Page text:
• The CEO understands that the audit should not consume the hospice’s business plan and keeps it in perspective. The CEO should devote appropriate resources at the right time, understand that audits are a long haul, encourage persistence, define what “winning” an appeal means and keep the hospice’s board or other stakeholders informed and engaged.
  • The compliance officer should be proactive in evaluating the hospice’s risk areas (before any audit begins) and should be the coordinator of the response to any audit or investigation. This requires knowledge of and the ability to focus on the conditions of payment, both in preemptive reviews and during the audit itself. This person should develop a track record of compliance success, and foster that success by inviting third-party consultants to periodically give the compliance program a checkup.
  • The attorney applies extensive knowledge of the audit process and the legal and factual bases to challenge audit results. The attorney’s role is to provide perspective and strategies based on the particular facts, data and strengths/weaknesses. The advocacy inherent in this role is formal and informal, written and oral, and can occur at all stages of an audit.
  • The hospice physician is perhaps the most important person in audits that involve clinical eligibility because Medicare regulations place the hospice physician “at the center of the eligibility inquiry.”

Clinical eligibility continues to be the most common basis for denying claims. Physician narratives are the single most critical piece of documentation, making it essential that your physicians are qualified (preferably board certified in hospice and palliative medicine) and receive ongoing education on documentation. The physician narrative should speak to the patient’s prognosis and impacting conditions and symptoms, compare the patient’s current condition to the past to demonstrate disease progression, proactively address “weaknesses” (or put clinician notes into appropriate context), and demonstrate knowledge of clinical research and mortality scales. In hospice audits, there is nothing worse than having physician narratives that have been copied and pasted from prior recertifications or that list the patient’s conditions and symptoms without synthesizing that information. The hospice physician should be involved in the audit appeal at the earliest possible opportunity to assist with preparing patient summaries that explain in detail why the patients were eligible and citing to specific medical records.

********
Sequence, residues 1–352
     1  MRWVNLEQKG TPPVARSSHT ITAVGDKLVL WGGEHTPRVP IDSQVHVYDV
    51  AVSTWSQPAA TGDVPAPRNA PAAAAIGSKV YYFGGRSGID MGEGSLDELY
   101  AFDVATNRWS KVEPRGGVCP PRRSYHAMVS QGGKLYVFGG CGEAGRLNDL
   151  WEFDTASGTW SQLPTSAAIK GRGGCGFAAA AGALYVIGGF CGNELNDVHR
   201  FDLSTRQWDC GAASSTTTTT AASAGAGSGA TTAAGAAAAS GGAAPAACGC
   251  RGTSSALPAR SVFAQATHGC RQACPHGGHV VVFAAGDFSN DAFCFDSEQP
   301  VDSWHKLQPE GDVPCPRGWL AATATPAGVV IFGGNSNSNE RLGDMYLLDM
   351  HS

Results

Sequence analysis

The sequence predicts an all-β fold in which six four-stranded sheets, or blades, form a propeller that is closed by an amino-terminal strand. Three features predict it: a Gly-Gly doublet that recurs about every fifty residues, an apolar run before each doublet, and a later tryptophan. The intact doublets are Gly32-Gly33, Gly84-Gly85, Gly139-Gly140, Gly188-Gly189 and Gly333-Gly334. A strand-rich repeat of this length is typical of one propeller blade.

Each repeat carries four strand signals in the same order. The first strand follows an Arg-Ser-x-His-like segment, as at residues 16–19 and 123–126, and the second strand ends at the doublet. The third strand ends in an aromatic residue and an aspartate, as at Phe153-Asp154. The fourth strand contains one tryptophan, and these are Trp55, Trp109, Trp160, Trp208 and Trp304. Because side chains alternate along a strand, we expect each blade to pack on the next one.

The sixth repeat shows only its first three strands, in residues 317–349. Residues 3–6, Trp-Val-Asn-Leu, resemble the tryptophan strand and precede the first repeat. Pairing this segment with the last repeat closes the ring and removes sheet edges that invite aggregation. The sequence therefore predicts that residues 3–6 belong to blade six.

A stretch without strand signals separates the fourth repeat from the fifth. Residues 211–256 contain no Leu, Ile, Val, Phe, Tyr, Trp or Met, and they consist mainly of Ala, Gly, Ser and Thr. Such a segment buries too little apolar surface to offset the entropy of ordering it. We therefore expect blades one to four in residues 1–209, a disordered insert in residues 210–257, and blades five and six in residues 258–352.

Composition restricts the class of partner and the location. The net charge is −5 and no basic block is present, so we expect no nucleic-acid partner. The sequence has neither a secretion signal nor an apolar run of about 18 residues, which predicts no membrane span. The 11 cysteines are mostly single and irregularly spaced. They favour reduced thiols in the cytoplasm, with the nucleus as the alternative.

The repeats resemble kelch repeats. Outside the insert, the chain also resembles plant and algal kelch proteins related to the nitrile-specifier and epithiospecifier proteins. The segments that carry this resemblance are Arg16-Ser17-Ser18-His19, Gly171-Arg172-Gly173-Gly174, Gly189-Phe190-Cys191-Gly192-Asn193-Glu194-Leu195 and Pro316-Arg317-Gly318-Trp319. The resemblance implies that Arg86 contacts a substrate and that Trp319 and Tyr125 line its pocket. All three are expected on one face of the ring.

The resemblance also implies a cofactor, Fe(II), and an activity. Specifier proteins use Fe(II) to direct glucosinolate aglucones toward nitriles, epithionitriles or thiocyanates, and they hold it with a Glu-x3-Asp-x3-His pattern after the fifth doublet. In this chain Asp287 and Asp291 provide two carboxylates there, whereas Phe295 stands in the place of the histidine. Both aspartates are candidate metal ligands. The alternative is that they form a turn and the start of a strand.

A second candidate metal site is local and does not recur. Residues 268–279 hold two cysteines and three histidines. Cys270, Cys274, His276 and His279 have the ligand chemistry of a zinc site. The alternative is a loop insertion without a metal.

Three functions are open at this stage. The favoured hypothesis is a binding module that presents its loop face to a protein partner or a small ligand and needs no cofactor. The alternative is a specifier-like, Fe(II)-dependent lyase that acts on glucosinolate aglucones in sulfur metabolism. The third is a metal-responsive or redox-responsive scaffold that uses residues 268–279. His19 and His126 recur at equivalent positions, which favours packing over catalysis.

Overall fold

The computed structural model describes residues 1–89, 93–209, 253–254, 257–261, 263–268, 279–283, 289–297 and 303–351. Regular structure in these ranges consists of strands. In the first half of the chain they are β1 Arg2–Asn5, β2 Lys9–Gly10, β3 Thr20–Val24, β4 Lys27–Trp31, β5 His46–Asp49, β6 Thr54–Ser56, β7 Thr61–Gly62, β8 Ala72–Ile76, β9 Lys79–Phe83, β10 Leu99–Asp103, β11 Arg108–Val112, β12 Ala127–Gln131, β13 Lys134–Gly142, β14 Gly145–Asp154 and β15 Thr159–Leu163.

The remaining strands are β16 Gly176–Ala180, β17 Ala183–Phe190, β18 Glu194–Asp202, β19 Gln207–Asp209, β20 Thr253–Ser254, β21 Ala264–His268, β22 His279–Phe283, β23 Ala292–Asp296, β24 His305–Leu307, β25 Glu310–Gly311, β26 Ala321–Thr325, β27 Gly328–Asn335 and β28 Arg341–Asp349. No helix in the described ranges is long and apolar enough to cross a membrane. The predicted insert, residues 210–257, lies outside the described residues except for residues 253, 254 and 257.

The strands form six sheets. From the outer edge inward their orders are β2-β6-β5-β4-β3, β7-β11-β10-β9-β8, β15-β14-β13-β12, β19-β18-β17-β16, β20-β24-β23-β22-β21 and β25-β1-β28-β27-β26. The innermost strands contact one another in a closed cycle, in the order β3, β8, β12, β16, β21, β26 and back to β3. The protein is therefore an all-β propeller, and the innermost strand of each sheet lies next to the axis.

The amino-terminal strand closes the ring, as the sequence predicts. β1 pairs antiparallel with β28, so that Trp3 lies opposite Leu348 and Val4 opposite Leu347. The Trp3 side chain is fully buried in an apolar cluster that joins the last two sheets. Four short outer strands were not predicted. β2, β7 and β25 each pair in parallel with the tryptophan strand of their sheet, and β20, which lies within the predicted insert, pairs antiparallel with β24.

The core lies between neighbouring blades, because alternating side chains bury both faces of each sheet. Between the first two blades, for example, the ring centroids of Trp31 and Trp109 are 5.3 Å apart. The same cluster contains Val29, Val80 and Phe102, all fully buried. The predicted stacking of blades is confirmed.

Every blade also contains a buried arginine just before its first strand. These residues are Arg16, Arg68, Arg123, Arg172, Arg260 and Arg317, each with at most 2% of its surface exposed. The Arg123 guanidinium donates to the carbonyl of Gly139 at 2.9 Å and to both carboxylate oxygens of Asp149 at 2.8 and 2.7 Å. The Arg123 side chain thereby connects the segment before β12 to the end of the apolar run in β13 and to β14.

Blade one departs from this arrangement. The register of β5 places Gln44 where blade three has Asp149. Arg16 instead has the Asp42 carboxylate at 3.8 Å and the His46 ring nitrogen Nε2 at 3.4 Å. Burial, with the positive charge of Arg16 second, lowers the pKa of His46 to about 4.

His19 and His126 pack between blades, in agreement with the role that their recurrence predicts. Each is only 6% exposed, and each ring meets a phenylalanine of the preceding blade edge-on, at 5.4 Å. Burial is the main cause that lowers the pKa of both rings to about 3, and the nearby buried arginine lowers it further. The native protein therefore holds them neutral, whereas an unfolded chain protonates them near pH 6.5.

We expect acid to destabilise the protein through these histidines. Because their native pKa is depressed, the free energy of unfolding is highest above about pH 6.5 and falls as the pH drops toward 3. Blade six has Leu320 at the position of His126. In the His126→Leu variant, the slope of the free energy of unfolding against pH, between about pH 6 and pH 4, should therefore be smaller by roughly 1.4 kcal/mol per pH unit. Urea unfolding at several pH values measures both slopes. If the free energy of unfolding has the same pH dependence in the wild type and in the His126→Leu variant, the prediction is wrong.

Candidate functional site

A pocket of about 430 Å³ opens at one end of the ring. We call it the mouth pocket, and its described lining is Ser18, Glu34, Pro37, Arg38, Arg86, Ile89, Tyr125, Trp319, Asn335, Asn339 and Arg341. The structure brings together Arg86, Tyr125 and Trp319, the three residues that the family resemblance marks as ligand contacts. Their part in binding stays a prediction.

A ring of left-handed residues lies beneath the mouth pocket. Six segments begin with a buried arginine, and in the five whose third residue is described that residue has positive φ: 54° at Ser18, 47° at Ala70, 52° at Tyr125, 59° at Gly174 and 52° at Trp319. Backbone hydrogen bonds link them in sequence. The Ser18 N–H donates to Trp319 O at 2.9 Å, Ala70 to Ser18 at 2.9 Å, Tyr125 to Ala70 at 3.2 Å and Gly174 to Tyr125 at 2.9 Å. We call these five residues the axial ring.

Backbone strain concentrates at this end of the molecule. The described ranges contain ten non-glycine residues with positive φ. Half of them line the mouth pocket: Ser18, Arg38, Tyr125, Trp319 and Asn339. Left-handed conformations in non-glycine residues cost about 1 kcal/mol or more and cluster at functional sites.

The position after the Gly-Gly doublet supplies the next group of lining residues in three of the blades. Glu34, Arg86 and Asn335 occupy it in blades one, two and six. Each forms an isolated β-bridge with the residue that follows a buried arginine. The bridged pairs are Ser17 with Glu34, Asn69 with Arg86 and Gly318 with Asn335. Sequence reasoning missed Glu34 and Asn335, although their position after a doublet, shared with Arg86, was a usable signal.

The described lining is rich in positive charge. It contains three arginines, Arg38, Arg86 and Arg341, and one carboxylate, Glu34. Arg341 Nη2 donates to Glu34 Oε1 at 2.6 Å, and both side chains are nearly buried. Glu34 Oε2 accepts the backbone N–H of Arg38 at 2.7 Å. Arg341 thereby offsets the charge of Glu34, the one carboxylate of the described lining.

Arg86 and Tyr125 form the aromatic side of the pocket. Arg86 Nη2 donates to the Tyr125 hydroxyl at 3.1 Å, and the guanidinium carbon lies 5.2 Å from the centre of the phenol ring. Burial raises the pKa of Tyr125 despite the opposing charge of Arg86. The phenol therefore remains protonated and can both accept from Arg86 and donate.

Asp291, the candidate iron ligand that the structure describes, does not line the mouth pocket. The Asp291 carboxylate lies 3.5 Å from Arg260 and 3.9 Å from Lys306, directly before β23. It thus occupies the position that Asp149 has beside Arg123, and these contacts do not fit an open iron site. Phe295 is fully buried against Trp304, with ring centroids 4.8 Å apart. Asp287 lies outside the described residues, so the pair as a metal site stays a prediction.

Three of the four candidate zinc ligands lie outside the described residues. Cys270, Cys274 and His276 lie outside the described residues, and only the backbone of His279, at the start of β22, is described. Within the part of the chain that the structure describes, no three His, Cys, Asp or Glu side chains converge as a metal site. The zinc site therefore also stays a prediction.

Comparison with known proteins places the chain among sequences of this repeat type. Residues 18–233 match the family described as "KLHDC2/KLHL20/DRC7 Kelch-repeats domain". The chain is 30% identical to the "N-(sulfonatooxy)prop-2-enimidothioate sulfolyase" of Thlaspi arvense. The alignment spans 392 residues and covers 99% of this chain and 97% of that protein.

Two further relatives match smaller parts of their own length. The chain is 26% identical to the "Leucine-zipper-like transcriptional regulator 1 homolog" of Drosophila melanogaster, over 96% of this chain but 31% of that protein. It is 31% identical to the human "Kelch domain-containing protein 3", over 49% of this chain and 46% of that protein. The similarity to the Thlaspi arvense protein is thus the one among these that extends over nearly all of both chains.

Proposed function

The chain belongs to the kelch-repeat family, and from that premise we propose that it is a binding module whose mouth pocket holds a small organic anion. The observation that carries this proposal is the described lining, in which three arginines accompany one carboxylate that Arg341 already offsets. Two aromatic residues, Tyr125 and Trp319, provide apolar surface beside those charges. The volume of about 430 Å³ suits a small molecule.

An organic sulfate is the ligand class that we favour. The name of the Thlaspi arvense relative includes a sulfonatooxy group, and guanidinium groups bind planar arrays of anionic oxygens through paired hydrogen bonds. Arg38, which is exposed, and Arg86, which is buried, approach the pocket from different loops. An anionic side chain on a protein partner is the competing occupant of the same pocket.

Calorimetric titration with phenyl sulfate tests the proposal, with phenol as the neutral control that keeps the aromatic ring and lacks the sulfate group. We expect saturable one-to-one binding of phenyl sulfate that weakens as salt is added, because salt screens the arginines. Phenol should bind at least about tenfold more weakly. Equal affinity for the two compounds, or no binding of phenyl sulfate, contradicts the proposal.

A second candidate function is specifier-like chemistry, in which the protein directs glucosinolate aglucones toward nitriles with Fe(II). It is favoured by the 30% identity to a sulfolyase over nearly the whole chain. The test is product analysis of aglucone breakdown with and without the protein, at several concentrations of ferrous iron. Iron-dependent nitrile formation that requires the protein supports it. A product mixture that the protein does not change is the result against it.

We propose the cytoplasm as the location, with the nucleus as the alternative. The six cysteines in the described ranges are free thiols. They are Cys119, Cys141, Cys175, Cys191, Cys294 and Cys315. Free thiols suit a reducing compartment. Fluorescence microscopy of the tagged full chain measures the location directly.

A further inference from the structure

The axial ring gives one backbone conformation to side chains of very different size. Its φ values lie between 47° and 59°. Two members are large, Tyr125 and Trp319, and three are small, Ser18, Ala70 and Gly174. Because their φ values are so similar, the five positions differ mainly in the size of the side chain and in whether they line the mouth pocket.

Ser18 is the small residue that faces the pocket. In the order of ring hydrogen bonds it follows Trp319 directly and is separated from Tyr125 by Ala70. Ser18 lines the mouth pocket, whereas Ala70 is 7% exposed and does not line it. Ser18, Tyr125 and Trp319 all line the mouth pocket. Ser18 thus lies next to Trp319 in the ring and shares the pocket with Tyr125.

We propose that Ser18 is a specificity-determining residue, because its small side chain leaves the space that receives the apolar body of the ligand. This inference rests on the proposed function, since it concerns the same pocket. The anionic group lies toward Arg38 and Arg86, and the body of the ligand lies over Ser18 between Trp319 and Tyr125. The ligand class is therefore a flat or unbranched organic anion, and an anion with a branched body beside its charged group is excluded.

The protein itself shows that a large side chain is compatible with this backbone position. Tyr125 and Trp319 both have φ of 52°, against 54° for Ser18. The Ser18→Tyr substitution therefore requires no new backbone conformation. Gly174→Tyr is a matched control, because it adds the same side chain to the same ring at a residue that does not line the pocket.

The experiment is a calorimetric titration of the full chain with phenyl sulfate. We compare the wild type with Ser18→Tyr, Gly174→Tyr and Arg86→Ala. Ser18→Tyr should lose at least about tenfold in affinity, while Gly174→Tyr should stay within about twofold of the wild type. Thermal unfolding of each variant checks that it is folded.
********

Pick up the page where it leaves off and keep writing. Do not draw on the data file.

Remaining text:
4. Understand the hidden value of being tested.

Accepting the inevitability of audits can help you find benefits in the audit process. If your hospice has not yet experienced an audit, you may not know how well your documents would fare under heightened scrutiny. That is not a good thing, and the old “no news is good news” approach to audits isn’t the security it used to be. Accepting that audits will occur should motivate hospices to stay up-to-date and active in their compliance activities.

Moreover, there is value in challenging adverse audit findings. Claim denials are considered “provider education” which, if unaddressed, allow the government to impose more substantial consequences on the hospice in the future. Overturning claim denials on appeal proves the auditors wrong and builds a record that your hospice is doing things right. Such challenges can also help the hospice fulfill obligations it may have under the 60-day repayment rule to identify “credible information” of an overpayment and confirm (or rule out) the existence of an overpayment.

Meg S.L. Pekarske, Bryan K. Nowicki and Emily M. Park are partners with the law firm Husch Blackwell LLP and are members of the firm’s Hospice and Palliative Care practice.